The night we returned from Yawpasi we had to drive through Benzdorp to reach Antino. This is a fascinating town. There don't seem to be any structures that are simply houses; everyone has a bar or grocery or pool table in front so that they can make some money. There were colored lights at all the bars and forro and sertaneja music drifting out of them. In most places there was a television playing the current novela, Caminho da India, coming in via satellite. The roads were unpaved and people drove ATVs through the streets instead of cars. When I went back to Benzdorp to help with a net-treating presentation, I learned a little more. Everything is priced in gold. Nobody wants Surinamese dollars, nobody speaks Dutch. I took a great picture of a sign in a Chinese grocery store of food listed in Portuguese and Chinese and priced in grams of gold.

For example: one litre of coca-cola would be 2 decigrams of gold, or 4 euros.
one can of beer might be 3 decigrams of gold, and a case would be 1 gram
What occured to me was that I would never be able to afford to live in this city. The streets were unpaved and most buildings seemed not to have indoor plumbing- and I couldn't afford to buy a coca-cola here. It must be the most expensive slum in the world. I asked Hedley about it, how lacking indoor plumbing was an indicator for poverty, but you could argue that people walking around with little pouches of gold couldn't really be called poor, could they. He said, well, who makes up these indicators anyway? Do these people think they are poor?

The priorities of the garimpeiros are strange. You may not have a toilet, but you might have satellite tv. You might not pay for a mosquito net for 5 euros, but you would buy a beer.

But the garimpeiros were also very generous with us. Every camp we went to we were offered coffee or cola or even beans and rice and cake. Knowing how much food costs in retrospect makes these offers even more heartening. It's hard not to like these people- for me anyway. They are destroying the rain forest and releasing mercury into the air- but they are good people, respectful and generous. I was nervous about the men before I went. I thought I might get harassed. I was told it was dangerous in the gold mines, that I should never be alone. But I think it's dangerous in the mines the way it's dangerous in New Orleans. If you don't have a big cord of gold around your neck and aren't walking about insulting someone's don't really have to worry. I felt totally comfortable walking around interviewing people by myself- I received nothing but respect. It probably helped that I was wearing a uniform with a name tag and was talking about malaria, which is a real concern for people here.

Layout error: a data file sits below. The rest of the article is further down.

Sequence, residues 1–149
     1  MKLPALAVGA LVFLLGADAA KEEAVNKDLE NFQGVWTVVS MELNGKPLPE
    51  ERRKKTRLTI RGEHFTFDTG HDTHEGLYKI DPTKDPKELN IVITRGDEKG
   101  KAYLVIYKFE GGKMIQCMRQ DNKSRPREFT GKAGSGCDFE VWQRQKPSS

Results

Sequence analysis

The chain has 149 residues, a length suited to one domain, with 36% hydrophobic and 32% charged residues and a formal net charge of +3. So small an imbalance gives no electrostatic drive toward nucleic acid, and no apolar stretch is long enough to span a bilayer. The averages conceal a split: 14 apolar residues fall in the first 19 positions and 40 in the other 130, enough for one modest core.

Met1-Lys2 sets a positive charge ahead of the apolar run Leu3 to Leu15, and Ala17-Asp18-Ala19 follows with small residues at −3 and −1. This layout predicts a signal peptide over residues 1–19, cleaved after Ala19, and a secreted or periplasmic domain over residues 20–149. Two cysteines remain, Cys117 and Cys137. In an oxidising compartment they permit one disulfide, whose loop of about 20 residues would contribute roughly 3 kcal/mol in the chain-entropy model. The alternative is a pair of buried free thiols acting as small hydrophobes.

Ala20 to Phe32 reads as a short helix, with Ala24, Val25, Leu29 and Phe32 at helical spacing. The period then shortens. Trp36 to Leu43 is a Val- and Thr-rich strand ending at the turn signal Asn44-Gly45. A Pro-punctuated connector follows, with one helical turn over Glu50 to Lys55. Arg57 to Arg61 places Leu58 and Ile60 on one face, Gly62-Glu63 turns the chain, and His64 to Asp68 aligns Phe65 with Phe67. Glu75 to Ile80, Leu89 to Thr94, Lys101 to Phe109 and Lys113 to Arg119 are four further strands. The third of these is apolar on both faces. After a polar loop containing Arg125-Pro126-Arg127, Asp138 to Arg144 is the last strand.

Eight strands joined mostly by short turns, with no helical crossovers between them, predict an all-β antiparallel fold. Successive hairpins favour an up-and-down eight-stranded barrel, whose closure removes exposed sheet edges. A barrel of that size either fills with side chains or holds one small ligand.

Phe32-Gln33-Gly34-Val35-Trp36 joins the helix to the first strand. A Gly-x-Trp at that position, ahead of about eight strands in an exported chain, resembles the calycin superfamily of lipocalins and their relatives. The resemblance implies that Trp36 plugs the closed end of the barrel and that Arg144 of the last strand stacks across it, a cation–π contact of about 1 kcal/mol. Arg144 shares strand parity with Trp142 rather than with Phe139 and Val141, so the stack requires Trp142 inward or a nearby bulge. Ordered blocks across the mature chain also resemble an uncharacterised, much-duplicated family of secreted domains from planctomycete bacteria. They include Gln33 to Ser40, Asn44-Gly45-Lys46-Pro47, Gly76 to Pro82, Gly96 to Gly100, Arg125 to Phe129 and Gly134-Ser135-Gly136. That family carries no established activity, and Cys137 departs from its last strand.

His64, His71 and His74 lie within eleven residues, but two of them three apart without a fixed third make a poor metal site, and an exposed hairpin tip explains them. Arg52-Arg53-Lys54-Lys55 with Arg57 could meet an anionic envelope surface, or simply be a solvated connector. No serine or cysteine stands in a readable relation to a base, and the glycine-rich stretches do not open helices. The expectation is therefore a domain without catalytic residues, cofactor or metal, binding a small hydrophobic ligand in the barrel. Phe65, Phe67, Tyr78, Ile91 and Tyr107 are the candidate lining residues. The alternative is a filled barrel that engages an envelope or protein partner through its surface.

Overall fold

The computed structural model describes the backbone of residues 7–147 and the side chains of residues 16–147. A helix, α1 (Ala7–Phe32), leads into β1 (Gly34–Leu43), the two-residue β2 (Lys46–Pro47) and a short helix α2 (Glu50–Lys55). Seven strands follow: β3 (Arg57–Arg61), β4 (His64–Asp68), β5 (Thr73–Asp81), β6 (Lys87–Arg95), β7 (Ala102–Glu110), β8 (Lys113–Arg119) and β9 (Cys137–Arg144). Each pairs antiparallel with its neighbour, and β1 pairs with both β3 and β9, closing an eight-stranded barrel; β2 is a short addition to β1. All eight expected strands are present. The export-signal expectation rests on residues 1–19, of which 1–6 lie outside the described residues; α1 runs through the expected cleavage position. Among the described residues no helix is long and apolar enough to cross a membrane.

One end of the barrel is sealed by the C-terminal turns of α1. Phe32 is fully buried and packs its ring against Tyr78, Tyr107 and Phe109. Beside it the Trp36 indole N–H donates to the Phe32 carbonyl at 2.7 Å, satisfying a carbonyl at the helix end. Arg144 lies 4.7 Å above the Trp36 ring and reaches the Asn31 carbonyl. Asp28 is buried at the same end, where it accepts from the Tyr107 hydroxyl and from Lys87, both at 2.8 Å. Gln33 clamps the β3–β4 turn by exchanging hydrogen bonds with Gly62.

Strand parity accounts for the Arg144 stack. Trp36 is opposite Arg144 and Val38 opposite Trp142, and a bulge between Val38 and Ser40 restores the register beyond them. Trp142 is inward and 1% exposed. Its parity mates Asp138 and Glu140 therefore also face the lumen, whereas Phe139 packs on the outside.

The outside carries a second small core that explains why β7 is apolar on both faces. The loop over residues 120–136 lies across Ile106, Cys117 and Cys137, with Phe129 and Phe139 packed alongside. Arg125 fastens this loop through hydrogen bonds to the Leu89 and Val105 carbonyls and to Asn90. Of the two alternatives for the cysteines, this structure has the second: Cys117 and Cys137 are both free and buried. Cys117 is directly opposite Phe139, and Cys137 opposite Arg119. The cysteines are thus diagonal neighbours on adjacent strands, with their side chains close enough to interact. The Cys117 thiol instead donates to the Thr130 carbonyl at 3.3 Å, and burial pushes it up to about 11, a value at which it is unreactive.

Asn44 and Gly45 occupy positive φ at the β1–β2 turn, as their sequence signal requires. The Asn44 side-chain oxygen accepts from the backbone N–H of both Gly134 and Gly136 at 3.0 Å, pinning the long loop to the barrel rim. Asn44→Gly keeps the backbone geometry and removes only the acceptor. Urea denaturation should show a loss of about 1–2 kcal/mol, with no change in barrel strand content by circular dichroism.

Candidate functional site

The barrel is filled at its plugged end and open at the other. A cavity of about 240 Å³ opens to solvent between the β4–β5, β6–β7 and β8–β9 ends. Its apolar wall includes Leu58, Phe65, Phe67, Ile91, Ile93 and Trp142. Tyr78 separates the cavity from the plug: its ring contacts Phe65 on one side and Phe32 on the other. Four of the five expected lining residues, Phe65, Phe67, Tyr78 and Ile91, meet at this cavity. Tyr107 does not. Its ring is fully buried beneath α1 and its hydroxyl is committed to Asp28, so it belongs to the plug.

playing shoebac with my colleagues

We left the following Monday. I'm sure I forgot several good stories, maybe I'll add them later. I hope I didn't leave you with the impression that the trip was a negative experience for me. It was an amazing thing that I feel very lucky to have been apart of. From a public health perspective, from a pushing-your-personal-limits perspective, I can't imagine a better internship. Today at the clinic I saw a young woman just in from France. In every one of her front teeth shined a small diamond. But she didn't have a mosquito net.


Nafeeza said...

"The priorities of the garimpeiros are strange. You may not have a toilet, but you might have satellite tv. You might not pay for a mosquito net for 5 euros, but you would buy a beer."

Typical south american mentality. My family lives in new york city and will sit in the scalding heat because they can't pay for airconditioning. WHY you ask? They have 4 plasma screen TV's and they're already tight on money.

Go figure.

Anonymous said...

Love you story, brings back great memories. I used to sleep in those dorm rooms at Antino. It used to be an exploration camp for a Canadian gold mining company. And I'm pretty sure that the Shoebac table is the one in my old mess.